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It’s Time to Start Thinking About Frost-Seeding Legumes

By   /  January 18, 2021  /  2 Comments

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This is especially for the readers who responded to the survey saying they’d like to know how
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About the author

For more than 25 years, Victor Shelton, Indiana agronomist and grazing specialist with the Natural Resources Conservation Service, has provided advice about grazing’s best practices. He travels across the state conducting pasture walks, working one on one with farmers and participating in grazing talks. He also writes a newsletter called "Grazing Bites" as a way to talk about current and seasonal grazing issues and what farmers need to be prepared for.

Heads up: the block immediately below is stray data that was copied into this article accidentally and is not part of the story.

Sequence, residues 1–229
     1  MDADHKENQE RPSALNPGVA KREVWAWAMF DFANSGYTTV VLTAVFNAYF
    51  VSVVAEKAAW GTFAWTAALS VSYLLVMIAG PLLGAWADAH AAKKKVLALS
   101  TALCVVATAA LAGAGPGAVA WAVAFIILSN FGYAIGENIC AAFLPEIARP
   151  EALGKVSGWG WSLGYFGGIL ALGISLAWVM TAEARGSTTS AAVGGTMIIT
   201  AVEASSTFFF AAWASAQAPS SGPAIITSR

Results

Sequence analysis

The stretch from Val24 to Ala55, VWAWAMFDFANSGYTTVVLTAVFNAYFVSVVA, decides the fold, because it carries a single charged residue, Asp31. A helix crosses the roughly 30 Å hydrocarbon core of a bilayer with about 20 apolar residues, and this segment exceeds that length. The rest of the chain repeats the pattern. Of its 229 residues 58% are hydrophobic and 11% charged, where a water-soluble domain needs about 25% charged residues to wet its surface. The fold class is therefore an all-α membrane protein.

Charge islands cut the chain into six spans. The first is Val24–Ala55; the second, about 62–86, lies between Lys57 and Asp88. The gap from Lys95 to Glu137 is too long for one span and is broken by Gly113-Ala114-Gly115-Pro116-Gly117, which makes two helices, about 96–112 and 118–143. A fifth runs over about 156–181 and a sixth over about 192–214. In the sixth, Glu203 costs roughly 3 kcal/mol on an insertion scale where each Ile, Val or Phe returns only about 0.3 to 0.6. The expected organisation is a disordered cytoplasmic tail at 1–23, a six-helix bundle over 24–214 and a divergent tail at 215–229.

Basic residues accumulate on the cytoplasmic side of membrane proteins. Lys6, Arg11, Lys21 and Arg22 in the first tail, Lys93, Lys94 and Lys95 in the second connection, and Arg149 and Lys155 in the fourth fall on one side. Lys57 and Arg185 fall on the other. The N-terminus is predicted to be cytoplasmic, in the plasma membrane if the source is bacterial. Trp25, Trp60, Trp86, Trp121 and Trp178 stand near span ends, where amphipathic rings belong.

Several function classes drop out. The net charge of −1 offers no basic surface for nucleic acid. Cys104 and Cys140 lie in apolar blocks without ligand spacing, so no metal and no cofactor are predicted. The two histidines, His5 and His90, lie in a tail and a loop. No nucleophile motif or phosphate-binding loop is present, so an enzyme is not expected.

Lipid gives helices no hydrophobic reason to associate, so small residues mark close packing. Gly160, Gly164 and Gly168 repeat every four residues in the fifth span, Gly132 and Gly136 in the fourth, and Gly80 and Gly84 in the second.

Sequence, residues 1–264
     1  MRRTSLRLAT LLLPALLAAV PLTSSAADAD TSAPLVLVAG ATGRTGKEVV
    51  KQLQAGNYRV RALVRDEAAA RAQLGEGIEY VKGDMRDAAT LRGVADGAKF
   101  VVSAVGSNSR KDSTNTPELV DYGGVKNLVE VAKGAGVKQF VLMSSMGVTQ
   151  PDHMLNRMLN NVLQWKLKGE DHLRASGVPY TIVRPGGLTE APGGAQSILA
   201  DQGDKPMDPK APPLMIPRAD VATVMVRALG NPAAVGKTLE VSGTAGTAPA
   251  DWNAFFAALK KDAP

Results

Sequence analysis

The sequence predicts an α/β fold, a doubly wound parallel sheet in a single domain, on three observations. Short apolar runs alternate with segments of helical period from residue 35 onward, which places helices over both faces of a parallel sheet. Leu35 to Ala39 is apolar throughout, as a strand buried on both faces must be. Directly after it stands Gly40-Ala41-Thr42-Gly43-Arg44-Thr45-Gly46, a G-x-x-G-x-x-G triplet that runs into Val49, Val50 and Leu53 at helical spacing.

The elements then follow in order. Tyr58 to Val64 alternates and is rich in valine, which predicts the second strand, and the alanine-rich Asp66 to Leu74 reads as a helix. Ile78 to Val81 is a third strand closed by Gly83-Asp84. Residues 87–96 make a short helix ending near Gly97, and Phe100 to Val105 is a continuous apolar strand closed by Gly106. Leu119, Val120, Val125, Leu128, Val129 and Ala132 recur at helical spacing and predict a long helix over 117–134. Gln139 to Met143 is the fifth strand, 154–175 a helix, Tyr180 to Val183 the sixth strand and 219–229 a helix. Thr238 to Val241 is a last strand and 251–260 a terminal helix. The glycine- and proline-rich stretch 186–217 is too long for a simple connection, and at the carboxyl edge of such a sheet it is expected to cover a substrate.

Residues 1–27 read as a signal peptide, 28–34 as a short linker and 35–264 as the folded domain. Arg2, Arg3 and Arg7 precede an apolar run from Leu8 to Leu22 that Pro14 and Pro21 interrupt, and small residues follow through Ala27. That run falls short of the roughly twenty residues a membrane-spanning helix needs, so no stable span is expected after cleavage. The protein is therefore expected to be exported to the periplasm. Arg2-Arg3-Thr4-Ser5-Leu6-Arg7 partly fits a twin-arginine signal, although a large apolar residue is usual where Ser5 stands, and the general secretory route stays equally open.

2 Comments

  1. Curt Gesch says:

    RE: “Red clover for example is better suited for hay than most white clovers because it dries better.” The farmers in my area think red clover the hardest to dry as hay; those who have a lot of it make haylage.

    A note about grass competition. I have no way to get cattle onto two fields to graze it down. So I have tried various methods to help the red clover seed to get a good catch: use an Aerway, close mowing, light discing. But the best method was putting clover seed on top of some dry manure and then spreading that on the field; it provides uneven distribution of the clover but gives a good seedbed at the same time you spread the seed.

  2. Richard Moyer says:

    Thanks Victor, for clear instructions and reminders. Red clover is the bulk of our frost seeding each year. But we also have established trefoil, chicory, lespedeza, and even orchard grass thru frost seeding. We enjoy learning what works here…starting small then scaling up the next year.

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